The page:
Have you ever drawn a face on a hard-boiled egg with a Sharpie? Maybe during a high-school health class project to care for egg babies?
If you haven’t, you should. Because 3D and 4D ultrasounds may give perfectly pictured expectations of what baby will look like to moms delivering vaginally, but in reality your “conehead baby” might look more like the egg.
In fact, your baby’s adorable, round head is about 3 inches (7.62 centimeters) larger than the diameter of your cervix during the final stages of labor. And there’s a good chance it won’t be so perfectly round after journeying through the birth canal.
Don’t panic. This will NOT be your baby’s head shape forevermore.
It’s completely normal for new babies to flaunt adorable, cone-shaped heads.
Seeing your baby for the first time generates several emotions at once: pride, relief, anxiety, and… wait, is that a birthmark? Why is their skin yellow? Is their head shape even normal?
At birth, all newborns have variable head shapes, but you can expect a vaginally delivered baby’s head to have a minor to majorly extended or pointed “cone shape.” It is, in fact, entirely normal.
The human body is incredible. To help your baby’s head fit through the tight and narrow birth canal, their skull has two large soft spots and malleable, bony plates that compress and overlap (a process known as “head molding”) as they descend through the cervix and vagina.
Babies born by cesarean delivery generally don’t display much of a conehead. Thanks to the rising number of cesareans (about
However, no matter whether you end up with a vaginal or cesarean delivery, if your baby “dropped” into your pelvis long before you delivered, they may have a more noticeable or extreme cone shape.
Your baby’s skull is meant to shift shapes at this stage of development, usually regaining a round appearance within 48 hours, although some may take a few weeks.
But don’t worry if your baby’s head stays conical for longer. In fact, the skull’s growth plates don’t fully close until adolescence, so no need to worry now.
If, however, the cone shape remains after a couple of weeks, or if you are worried at all, write up a list of your questions, toss it in your diaper bag, and discuss your concerns with your baby’s pediatrician during the next wellness checkup.
Your baby’s head should return to an adorable, round shape anywhere between 2 days and a few weeks after delivery. However, there are still other positional factors that can influence your baby’s head shape. These include:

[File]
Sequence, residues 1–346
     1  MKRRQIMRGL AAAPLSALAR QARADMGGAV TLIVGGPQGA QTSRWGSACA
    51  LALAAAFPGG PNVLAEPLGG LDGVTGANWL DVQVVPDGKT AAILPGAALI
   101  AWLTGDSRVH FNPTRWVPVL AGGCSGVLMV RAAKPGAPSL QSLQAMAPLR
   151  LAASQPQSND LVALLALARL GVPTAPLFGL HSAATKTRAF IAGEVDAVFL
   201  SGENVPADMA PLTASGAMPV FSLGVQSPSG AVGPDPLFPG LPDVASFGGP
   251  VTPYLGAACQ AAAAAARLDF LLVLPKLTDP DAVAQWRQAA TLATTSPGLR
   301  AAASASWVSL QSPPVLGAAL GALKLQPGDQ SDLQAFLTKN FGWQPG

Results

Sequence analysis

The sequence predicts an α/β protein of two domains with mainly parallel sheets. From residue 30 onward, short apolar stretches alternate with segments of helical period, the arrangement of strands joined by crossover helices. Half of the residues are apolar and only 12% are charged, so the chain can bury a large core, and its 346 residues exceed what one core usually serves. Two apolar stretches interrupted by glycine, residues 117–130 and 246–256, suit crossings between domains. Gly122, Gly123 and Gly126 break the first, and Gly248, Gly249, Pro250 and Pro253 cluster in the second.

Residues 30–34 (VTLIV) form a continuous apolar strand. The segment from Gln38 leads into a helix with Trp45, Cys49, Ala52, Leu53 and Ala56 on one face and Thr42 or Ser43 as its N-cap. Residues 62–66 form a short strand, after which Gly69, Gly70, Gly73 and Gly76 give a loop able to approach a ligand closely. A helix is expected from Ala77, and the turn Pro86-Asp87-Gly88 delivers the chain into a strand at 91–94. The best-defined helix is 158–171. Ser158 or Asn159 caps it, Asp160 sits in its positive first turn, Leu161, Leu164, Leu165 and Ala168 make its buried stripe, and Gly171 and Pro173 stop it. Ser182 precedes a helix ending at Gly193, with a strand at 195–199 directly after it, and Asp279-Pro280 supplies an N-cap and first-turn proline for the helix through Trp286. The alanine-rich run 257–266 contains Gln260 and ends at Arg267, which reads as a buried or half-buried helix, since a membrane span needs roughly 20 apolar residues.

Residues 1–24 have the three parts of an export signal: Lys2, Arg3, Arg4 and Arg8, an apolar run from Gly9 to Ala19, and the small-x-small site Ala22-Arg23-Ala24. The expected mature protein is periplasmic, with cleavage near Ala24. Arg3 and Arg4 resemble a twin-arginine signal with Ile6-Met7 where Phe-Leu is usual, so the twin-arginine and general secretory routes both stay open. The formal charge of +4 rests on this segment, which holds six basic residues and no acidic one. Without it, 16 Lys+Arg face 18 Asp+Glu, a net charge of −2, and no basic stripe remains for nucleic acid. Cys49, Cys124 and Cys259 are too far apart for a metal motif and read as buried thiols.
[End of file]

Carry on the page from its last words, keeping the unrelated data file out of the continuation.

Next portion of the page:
- resting in the same position
- pressure on the back of the skull
- not alternating the direction your baby’s head faces when they are on their back
- distortions due to trauma or genetic anomalies
If your baby’s conehead is lasting longer than expected, there are steps you can take to help encourage head rounding. (But in the meantime, take a lot of pictures and embrace that conehead cuteness while you can.)
Make sure your baby doesn’t spend time on their back with the head in any one position for too long, as this could lead to (flat side or back of head).
You can encourage different positions by placing them facing different directions throughout the day or moving mobiles or other toys around to different viewing positions.
You can also hold or in a carrier often to eliminate and relieve any pressure on the back of their head. Use swings and baby seats to shift positions whenever they are awake. Alternate sides for each feeding.
Give your baby adequate supervised a few times every day. Tummy time is useful in helping your baby develop stronger neck and back muscles, giving them more control over their head so they can keep head pressure evenly distributed.
If you’re still concerned, speak with your baby’s pediatrician, who can suggest additional head rounding methods. Your pediatrician may even suggest physical therapy or a special designed for head rounding.
If an odd-shaped lump appears on the top of your baby’s head within a few hours or days of delivery, this may be a sign of cephalohematoma. This simply means small blood vessels on the head of your baby are broken or trapped and collected between the skull and skin during birth. It’s not a serious issue, doesn’t affect baby’s brain, and it should go away on its own within a few months.
If your baby’s head begins to tilt downward, this may be a sign of torticollis. If this twist appears from birth, it’s called congenital muscular torticollis, but it can occur at any age, even into adulthood!
This happens when a large muscle that reaches from the head to the neck, is shortened, bending the head toward the shortened side and rotating the chin the opposite direction.
When torticollis happens at birth, your baby may have been in a cramped or breech position, causing the muscle to shorten. You may not notice this until your baby begins gaining some control of their neck muscles, at about 6 to 8 weeks post birth.
Your baby may struggle to breastfeed on a certain side, or prefer looking at you over one shoulder instead of turning their head to look you in the eyes. If you notice this, mention it to your pediatrician at your baby’s next wellness check, because early intervention can help prevent long-term complications.
Try to look at your conehead baby as the Hard Boiled Egg Medal of childbirth. Relax, take plenty of pictures, and enjoy these early memories with your adorable, conehead baby.